If you have recently arrived in Finland and would like to start looking for a job, there are a few things you need to know to make the process smoother. Please read the job search material on your University’s career services pages for general information on the job search process and application documents. The points raised below can be regarded as complementary, as they highlight particular aspects of job hunting which can be considered specific to Finland.
- Start learning Finnish as soon as possible. Knowing at least some Finnish will increase your chances of getting a job. Finnish language skills are necessary in order to have wider access to the job market and to find good positions. Knowing some Finnish also supports social and cultural integration.
- Be active, get to know people and build networks. Many employment opportunities (70-80%) in Finland are not advertised publicly, but remain “hidden”. To be able to access the jobs in the hidden labour market (https://lehti.tek.fi/english/hidden-jobs-what-are-they) you need to work on not only your professional network, but also you can get to know people through hobbies, volunteer work or by getting involved in an association. It is very common in Finland to be active in an association; there is a wide array of different associations that always welcome new members. A great way of building a network and gaining information on working life in Finland is to join a mentoring programme. Check with your University which mentoring programmes are available to you.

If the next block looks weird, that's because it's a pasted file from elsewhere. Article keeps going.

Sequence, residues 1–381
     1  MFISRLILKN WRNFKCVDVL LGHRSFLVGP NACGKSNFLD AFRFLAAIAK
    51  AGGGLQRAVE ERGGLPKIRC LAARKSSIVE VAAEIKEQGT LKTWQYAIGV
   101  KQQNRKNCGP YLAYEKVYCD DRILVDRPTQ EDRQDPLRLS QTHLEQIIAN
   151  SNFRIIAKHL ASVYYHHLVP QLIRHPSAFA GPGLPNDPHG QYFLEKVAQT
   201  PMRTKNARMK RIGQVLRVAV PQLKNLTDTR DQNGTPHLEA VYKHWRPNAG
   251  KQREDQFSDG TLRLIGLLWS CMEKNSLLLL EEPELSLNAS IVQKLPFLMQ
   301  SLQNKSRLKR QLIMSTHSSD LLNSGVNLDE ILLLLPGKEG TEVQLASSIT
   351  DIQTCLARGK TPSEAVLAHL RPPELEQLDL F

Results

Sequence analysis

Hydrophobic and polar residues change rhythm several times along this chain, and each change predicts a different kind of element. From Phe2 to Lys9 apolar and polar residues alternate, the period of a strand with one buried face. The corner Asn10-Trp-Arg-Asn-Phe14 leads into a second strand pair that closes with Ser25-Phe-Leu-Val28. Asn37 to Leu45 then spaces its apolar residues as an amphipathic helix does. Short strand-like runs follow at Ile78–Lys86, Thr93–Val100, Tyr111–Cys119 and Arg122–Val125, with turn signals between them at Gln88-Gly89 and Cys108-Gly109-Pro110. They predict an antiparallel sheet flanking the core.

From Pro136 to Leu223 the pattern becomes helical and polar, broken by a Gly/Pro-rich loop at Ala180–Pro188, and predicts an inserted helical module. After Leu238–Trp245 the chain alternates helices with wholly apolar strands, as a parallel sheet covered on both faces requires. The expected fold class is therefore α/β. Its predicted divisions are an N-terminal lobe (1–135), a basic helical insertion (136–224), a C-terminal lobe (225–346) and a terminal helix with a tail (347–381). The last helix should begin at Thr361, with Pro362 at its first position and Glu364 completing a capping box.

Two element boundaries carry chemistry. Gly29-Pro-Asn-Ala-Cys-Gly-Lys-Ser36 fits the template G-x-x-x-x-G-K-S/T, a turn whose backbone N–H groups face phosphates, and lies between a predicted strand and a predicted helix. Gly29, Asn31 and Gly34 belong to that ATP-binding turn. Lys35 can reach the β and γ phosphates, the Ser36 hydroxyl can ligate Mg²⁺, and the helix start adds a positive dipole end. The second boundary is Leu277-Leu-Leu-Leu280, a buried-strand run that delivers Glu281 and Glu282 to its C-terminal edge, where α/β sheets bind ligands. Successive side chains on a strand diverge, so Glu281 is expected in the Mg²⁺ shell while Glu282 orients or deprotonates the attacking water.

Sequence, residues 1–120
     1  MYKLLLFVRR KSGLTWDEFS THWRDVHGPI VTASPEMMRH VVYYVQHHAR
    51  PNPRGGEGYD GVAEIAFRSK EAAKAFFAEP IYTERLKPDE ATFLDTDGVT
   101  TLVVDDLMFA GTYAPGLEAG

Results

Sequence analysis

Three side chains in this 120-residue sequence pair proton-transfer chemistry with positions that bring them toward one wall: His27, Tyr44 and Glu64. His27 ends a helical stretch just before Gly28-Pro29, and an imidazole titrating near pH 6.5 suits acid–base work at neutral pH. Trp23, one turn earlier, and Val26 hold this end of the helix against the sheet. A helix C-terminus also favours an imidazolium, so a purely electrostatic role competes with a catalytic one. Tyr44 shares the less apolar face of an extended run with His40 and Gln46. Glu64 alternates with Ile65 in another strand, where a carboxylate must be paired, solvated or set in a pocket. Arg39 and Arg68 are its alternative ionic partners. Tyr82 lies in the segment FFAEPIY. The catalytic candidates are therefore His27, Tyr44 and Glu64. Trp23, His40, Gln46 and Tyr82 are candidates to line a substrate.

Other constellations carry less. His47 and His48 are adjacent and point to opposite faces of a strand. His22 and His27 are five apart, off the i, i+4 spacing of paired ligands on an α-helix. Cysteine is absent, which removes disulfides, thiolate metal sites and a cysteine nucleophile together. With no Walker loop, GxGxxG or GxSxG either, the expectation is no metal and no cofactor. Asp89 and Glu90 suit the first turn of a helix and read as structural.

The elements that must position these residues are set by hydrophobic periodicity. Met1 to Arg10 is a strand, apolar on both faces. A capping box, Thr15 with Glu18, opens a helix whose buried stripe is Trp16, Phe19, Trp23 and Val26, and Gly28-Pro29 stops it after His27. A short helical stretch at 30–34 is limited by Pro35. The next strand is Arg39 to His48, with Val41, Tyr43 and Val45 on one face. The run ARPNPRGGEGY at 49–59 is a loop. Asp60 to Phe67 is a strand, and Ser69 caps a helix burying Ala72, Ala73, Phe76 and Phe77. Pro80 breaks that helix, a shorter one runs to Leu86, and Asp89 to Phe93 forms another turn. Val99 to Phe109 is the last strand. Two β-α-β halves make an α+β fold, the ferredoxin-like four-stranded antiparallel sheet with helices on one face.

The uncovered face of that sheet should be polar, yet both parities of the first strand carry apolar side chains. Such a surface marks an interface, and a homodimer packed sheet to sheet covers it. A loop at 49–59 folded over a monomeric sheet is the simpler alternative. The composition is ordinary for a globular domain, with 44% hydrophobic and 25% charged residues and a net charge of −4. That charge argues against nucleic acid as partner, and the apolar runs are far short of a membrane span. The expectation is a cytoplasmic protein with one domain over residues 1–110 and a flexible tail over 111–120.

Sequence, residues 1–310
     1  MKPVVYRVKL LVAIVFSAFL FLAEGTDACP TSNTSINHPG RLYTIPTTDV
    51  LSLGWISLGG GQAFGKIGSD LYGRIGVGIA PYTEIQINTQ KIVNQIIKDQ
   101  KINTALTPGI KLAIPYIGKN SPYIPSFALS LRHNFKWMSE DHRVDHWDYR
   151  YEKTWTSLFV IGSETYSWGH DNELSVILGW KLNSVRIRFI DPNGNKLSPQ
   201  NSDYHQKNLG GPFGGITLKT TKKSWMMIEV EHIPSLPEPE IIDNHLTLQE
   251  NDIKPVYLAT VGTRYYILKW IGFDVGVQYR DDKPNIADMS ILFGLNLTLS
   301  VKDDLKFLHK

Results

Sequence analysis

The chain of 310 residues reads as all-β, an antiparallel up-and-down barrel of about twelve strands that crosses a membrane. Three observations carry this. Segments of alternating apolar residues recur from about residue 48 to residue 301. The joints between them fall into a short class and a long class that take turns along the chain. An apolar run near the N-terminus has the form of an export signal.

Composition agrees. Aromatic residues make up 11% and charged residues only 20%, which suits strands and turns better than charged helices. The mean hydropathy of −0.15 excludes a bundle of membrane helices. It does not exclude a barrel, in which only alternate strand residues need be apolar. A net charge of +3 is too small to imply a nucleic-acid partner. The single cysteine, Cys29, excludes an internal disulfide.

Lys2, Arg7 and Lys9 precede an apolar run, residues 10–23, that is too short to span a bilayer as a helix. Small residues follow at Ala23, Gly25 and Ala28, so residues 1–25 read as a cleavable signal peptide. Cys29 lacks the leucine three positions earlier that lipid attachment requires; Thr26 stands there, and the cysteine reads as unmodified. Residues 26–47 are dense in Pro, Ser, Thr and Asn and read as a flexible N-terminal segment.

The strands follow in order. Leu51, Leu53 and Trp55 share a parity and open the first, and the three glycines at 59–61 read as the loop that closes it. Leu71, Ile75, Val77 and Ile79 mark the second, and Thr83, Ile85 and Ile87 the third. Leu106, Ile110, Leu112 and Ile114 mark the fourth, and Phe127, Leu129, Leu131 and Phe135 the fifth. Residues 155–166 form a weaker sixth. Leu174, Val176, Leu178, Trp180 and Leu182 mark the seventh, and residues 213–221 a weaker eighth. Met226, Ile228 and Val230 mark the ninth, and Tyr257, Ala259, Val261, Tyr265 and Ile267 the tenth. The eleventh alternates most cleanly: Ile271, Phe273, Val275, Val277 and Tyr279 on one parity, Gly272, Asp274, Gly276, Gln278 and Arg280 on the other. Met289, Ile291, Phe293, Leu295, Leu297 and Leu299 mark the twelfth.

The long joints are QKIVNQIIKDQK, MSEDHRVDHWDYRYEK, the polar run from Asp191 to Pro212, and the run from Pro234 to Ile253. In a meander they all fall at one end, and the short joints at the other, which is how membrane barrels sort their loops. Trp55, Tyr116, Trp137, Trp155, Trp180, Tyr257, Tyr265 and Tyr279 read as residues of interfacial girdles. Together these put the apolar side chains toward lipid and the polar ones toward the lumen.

- The working culture in Finland can be regarded as punctual, equal and relaxed. There is a relatively low level of hierarchy amongst employees. Working conditions in Finland are well regulated and employee well-being is important to employers. Familiarize yourself with the rights and duties of an employee in Finland. Trade unions and employer unions create general conditions and salary contract for every field of business in Finland. The legislation and collective agreements determine, for example, minimum wages, working hours, holidays, sick pay and the terms of dismissal.
- If you want to work in the hospitality industry, please note that the employer will require that you have a hygiene passport (hygienepassport.fi). Certificates like this are very important in Finland.
- Attend events and workshops organized by your own University’s career services, and find out what a typical CV and motivation letter look like in Finland.
- Use LinkedIn as a source of information about the job market in your field and to find alumni and hear about events, projects, etc.
- Note that it’s important to get some (unpaid or paid) work experience on your CV, preferably alsofrom Finland. There are many ways to do this. You can think about volunteer work, thesis work in a company, an internship or summer job. Experience shows an employer that you have work life skills as well as academic skills.
- Signing up with a recruitment agency can also be useful, depending on your field and what you are looking for.
- Be active, keep applying, speak to people and don’t give up!